A low-budget black & white that is still a lot of fun
Producer Wallace MacDonald, director Fred F Sears and writer David Lang produced a whole series of Westerns in the mid-1950s. Philip Carey led in four of them but they also used David Brian, John Hodiak and Bill Williams. All the pictures were what you might call solid B-Westerns.
In 1953, the team’s Ambush at Tomahawk Gap was the story of Apaches attacking whites in Arizona. Two years later they did something very similar: Apache Ambush is about Apaches attacking whites in Arizona. Good old Ray Teal was in both. The similarities are therefore considerable and Stuart Galbraith on DVD Talk writes amusingly that “I requested a movie called Ambush at Tomahawk Gap (1953) while my colleague Paul Mavis requested one called Apache Ambush (1955). However, when Paul opened his shrink-wrapped copy of Apache Ambush, the disc inside was actually Ambush at Tomahawk Gap and, sure enough, a week or so later when my shrink-wrapped copy of Ambush at Tomahawk Gap arrived, the DVD inside it was Apache Ambush. … Clearly whoever packaged these screeners up saw the word ‘Ambush’ in these similar titles and got them mixed-up.”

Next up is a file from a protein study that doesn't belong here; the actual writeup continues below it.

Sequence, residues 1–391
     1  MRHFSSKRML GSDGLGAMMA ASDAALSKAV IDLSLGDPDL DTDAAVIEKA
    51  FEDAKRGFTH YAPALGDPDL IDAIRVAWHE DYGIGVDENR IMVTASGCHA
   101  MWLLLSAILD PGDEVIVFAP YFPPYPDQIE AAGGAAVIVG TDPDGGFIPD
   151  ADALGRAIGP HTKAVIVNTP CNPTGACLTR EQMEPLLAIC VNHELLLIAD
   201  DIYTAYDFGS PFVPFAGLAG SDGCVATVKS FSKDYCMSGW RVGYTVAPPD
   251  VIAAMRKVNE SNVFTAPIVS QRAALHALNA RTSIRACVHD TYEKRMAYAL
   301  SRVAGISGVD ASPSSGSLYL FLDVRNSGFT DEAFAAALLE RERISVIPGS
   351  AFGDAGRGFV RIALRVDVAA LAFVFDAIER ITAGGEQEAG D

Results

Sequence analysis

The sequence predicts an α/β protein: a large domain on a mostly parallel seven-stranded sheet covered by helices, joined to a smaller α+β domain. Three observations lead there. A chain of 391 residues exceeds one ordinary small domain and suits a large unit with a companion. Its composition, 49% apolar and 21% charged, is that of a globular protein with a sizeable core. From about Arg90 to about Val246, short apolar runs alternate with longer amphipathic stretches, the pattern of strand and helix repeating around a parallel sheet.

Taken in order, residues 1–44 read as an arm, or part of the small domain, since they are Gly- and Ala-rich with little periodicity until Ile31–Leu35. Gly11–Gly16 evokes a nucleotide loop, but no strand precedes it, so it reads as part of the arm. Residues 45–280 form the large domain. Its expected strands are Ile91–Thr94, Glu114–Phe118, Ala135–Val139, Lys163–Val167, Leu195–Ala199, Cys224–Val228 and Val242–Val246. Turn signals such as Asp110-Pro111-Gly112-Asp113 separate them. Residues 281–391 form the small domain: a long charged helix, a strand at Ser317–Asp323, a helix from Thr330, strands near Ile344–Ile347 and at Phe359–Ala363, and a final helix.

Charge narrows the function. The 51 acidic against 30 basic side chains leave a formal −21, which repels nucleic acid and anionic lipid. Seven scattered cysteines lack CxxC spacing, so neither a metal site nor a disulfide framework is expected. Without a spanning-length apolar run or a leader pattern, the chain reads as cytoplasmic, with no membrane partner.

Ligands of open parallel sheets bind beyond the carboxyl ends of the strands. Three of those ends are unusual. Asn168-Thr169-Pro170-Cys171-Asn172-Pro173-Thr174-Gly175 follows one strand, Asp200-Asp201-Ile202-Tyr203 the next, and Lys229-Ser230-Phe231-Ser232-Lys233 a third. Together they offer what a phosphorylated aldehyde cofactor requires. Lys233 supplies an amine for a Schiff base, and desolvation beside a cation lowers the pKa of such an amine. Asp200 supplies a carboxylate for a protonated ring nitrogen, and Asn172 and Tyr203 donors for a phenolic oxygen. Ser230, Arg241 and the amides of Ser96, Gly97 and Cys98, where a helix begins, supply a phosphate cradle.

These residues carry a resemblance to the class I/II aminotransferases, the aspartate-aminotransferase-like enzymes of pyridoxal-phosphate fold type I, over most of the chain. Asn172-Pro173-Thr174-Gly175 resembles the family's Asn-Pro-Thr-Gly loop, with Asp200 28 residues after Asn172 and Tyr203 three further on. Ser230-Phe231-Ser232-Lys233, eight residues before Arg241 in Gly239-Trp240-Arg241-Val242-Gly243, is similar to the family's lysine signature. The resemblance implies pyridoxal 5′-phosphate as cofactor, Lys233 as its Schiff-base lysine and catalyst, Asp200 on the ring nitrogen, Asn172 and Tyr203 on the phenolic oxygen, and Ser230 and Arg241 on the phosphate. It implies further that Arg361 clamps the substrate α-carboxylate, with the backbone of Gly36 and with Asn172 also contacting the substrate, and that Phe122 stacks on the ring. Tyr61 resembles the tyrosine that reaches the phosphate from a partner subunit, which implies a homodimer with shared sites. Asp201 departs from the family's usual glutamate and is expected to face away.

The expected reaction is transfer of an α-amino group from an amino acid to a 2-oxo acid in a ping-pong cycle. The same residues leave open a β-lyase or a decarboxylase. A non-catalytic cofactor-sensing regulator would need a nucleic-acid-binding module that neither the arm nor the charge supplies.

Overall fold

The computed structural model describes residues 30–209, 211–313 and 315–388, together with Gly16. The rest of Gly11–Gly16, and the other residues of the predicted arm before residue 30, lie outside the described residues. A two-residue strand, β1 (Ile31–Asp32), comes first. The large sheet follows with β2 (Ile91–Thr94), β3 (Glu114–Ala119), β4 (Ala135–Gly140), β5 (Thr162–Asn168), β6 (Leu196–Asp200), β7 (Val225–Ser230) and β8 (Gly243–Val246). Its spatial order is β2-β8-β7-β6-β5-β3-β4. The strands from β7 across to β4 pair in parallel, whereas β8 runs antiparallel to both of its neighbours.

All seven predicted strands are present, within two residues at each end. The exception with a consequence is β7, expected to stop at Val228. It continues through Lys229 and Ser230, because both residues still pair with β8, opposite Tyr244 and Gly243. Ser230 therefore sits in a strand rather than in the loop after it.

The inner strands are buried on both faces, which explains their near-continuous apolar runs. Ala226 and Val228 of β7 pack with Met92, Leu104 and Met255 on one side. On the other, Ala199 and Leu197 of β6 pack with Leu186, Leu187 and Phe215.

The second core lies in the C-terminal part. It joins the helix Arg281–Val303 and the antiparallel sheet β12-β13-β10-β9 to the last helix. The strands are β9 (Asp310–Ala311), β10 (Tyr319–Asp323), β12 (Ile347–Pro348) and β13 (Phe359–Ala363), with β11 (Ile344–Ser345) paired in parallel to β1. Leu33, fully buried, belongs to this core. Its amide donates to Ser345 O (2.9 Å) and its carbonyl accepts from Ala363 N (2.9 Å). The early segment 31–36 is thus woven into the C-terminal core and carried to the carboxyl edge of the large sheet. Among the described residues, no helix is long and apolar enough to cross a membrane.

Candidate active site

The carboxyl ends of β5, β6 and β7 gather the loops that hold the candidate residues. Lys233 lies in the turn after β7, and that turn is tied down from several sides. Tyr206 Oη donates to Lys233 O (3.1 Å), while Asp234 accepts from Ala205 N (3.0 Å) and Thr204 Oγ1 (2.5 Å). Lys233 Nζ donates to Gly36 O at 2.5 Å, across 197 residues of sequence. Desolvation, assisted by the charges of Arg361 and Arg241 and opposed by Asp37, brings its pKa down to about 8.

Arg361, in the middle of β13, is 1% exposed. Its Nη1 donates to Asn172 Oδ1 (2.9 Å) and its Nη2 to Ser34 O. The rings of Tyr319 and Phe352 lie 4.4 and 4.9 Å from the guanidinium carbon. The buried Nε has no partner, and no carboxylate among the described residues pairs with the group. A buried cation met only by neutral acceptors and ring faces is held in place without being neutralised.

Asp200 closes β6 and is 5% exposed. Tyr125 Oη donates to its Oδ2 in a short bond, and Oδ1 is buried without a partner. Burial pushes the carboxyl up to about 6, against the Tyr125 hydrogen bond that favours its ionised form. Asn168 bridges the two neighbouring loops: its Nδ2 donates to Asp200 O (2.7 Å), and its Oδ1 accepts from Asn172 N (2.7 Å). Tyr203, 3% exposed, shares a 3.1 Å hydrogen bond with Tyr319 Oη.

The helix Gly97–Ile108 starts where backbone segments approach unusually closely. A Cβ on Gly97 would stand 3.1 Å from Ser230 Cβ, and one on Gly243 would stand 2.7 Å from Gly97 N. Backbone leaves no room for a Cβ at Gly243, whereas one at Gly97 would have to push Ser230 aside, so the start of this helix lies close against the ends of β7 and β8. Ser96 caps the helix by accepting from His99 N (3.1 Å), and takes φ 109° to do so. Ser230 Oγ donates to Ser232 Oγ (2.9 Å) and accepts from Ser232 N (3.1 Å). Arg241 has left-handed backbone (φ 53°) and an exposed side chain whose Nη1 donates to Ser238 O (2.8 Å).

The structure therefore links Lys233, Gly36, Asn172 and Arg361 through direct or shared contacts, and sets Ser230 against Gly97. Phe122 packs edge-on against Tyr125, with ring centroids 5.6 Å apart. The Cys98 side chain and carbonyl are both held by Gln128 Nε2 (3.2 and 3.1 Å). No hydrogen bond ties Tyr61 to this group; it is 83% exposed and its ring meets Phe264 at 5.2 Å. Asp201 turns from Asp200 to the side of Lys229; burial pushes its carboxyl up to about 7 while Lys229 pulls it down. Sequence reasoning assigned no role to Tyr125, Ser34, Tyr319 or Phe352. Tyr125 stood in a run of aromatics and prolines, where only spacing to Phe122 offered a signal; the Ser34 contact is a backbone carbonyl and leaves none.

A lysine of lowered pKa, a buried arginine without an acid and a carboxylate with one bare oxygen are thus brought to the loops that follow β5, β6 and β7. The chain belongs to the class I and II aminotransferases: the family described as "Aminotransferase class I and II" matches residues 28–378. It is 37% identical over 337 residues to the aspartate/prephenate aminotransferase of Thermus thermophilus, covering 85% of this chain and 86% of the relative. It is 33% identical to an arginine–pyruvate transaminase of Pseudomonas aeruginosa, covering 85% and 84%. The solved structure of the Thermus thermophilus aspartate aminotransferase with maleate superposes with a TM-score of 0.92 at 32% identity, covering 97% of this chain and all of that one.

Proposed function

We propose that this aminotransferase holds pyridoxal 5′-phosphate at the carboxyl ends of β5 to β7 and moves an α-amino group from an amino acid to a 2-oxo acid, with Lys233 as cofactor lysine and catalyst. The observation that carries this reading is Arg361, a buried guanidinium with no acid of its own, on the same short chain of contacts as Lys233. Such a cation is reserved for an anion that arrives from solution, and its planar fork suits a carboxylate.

The same but different
So was one a remake of the other?
Nope. In fact the pictures could hardly be more different.
For one thing, Apache Ambush was in black & white while Ambush at Tomahawk Gap two years before had been in bright Technicolor. This was deliberate because as a budget-saving measure Apache Ambush used yards of footage from Columbia’s earlier picture Arizona (an entertaining Western, in fact) from right back in 1940. The modern print on DVD is good, though the Arizona scenes don’t quite match.
A bit old-fashioned for 1955
And indeed, Apache Ambush has all the air of a 1940s Western. It’s really quite old-fashioned, whereas Tomahawk Gap had been tougher and more modern in style. Curious, really, given that they had the same team behind them and some of the same actors.
Still, Apache Ambush had a great cast. Bill Williams, Mr. Barbara Hale, led as tough Army scout James Kingston. Williams was of course Kit Carson on TV from 1951 to ’55 but he had a good line in big-screen oaters too, though his strong New York accent didn’t exactly help. This was the first of five Western features he led in. We reviewed another, Oklahoma Territory, the other day.